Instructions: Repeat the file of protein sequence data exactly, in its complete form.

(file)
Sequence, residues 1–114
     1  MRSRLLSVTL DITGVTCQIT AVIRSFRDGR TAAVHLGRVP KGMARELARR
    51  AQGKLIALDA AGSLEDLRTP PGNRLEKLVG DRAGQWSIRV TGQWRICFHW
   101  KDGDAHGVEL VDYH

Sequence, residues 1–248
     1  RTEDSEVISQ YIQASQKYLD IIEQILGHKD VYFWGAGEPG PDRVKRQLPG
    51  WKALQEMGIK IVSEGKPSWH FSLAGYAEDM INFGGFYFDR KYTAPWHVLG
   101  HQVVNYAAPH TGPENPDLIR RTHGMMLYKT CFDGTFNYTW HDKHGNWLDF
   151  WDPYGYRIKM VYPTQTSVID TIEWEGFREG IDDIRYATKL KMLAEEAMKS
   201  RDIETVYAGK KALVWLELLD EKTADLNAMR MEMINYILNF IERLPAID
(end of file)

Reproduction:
Sequence, residues 1–114
     1  MRSRLLSVTL DITGVTCQIT AVIRSFRDGR TAAVHLGRVP KGMARELARR
    51  AQGKLIALDA AGSLEDLRTP PGNRLEKLVG DRAGQWSIRV TGQWRICFHW
   101  KDGDAHGVEL VDYH

Sequence, residues 1–248
     1  RTEDSEVISQ YIQASQKYLD IIEQILGHKD VYFWGAGEPG PDRVKRQLPG
    51  WKALQEMGIK IVSEGKPSWH FSLAGYAEDM INFGGFYFDR KYTAPWHVLG
   101  HQVVNYAAPH TGPENPDLIR RTHGMMLYKT CFDGTFNYTW HDKHGNWLDF
   151  WDPYGYRIKM VYPTQTSVID TIEWEGFREG IDDIRYATKL KMLAEEAMKS
   201  RDIETVYAGK KALVWLELLD EKTADLNAMR MEMINYILNF IERLPAID